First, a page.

An Analysis of the Clinical, Endoscopic, and Pathologic Features of Intestinal Tuberculosis

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The aim of this study was to retrospectively analyze the clinical, endoscopic, and pathologic features of intestinal tuberculosis (TB).


The prevalence of intestinal TB has been increasing in China.


The clinical, imaging and laboratory examination, endoscopic, and pathologic data of 81 cases of intestinal TB patients were retrospectively analyzed.


There were 48 male and 33 female cases whose age ranged from 17 to 76 years (mean, 32.4±1.6 y). Fifty-five cases were diagnosed by endoscopic biopsy, and 26 cases by postoperative pathologic examination. The common symptoms were chronic right lower abdominal and periumbilical pain (87.7%), weight loss (80.2%), anemia (64.2%), diarrhea (46.9%), fever (43.2%), diarrhea alternating with constipation (38.3%), and night sweats (30.9%). Purified protein derivative test (51.9%), TB antibody (34.6%), and TB protein chip (40.7%) had lower sensitivity. T-spot test sensitivity was 86.4%. Endoscopic types included ulcerative (52.7%), ulcero-proliferative (27.3%), and proliferative (20.0%) with mucosal hyperemia and edema (87.2%), mucosal erosion (76.4%), patulous ileocecal valve (65.5%), polypoid hyperplasia (58.2%), annular ulcer (52.7%), nodular hyperplasia (45.5%), and luminal stenosis (29.1%). Histopathologic findings were chronic mucosal inflammation (87.3%), ulceration (74.5%), lymphocytic aggregation (69.1%), and granulomatous fusion (58.2%). The presence of caseating granulomas (74.5%) and necrosis (25.5%) was helpful, but not common.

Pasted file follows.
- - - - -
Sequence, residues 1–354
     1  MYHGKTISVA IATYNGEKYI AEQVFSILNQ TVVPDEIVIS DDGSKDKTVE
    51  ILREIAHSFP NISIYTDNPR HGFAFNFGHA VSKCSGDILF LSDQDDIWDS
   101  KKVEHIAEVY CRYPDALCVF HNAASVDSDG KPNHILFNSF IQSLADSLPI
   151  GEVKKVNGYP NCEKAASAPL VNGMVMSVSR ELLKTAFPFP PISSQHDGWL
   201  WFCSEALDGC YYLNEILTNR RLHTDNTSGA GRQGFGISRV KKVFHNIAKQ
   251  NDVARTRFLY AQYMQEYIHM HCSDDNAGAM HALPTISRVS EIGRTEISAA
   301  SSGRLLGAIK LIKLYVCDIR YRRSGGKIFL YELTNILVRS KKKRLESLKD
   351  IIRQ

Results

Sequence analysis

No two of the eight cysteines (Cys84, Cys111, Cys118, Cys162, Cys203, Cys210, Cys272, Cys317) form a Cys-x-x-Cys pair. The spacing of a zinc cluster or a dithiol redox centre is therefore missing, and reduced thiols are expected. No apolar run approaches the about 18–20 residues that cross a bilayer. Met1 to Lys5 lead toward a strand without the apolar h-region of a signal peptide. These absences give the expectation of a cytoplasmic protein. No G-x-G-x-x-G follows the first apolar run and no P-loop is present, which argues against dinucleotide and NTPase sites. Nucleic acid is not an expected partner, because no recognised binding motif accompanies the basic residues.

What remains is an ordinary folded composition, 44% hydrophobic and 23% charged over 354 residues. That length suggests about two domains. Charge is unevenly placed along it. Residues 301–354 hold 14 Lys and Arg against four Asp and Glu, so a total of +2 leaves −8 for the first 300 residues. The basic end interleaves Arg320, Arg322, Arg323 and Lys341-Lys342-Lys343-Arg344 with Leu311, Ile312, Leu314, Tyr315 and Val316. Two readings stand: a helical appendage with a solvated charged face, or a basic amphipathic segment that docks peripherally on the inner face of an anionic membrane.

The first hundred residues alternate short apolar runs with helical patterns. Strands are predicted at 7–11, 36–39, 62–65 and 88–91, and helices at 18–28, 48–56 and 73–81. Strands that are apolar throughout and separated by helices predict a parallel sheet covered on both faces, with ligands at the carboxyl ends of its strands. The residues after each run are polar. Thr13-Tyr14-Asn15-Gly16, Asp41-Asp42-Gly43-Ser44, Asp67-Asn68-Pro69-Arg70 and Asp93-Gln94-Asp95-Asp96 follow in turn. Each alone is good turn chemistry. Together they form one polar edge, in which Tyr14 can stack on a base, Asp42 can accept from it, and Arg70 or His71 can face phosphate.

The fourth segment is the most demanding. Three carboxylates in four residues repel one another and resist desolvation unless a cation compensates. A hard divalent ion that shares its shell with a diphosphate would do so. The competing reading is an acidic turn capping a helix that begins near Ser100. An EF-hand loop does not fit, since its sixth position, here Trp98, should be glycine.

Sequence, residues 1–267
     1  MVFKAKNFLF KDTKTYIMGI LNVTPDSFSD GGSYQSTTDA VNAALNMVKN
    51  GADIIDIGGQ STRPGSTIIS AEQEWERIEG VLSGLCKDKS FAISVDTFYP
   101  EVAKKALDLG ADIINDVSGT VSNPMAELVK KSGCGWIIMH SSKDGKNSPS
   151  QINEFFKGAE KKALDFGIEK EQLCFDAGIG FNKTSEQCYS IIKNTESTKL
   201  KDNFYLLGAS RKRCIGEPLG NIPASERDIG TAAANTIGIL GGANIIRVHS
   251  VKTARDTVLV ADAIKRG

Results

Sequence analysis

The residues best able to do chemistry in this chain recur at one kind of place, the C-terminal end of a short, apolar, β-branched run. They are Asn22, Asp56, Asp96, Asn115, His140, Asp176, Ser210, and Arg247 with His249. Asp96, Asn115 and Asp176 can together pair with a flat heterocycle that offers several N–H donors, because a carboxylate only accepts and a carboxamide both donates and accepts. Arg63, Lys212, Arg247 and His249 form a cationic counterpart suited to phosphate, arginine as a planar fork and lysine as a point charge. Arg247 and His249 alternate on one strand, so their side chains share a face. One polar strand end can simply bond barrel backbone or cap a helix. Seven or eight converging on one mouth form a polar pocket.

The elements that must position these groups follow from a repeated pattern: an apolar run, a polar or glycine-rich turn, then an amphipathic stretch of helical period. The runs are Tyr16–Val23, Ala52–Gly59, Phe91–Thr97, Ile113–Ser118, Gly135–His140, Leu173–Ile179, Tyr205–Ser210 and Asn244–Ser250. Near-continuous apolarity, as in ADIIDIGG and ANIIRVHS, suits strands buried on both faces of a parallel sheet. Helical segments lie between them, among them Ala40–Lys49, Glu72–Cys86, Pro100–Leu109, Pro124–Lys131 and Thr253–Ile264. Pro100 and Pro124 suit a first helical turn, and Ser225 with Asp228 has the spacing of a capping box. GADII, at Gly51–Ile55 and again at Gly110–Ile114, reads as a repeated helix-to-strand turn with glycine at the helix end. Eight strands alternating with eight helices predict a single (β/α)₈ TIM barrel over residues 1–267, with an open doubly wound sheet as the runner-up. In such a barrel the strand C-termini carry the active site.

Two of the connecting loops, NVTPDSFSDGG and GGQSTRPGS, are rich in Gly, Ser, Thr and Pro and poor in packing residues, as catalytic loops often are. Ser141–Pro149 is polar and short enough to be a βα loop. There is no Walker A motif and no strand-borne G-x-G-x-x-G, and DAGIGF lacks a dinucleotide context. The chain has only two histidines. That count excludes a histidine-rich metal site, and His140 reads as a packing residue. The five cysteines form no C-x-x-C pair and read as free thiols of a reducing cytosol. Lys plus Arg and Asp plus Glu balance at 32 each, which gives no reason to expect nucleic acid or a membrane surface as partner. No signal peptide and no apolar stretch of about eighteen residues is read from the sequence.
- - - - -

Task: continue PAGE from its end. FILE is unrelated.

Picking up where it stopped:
The clinical symptoms of intestinal TB are nonspecific. The most common anatomic locations for intestinal TB are the ileocecal valve and cecum. The T-spot test has high sensitivity, and it can be used to support the diagnosis of intestinal TB. The typical endoscopic features are circumscribed intestinal ulcers, and histopathologic findings of biopsy specimens can be also useful in making the diagnosis.

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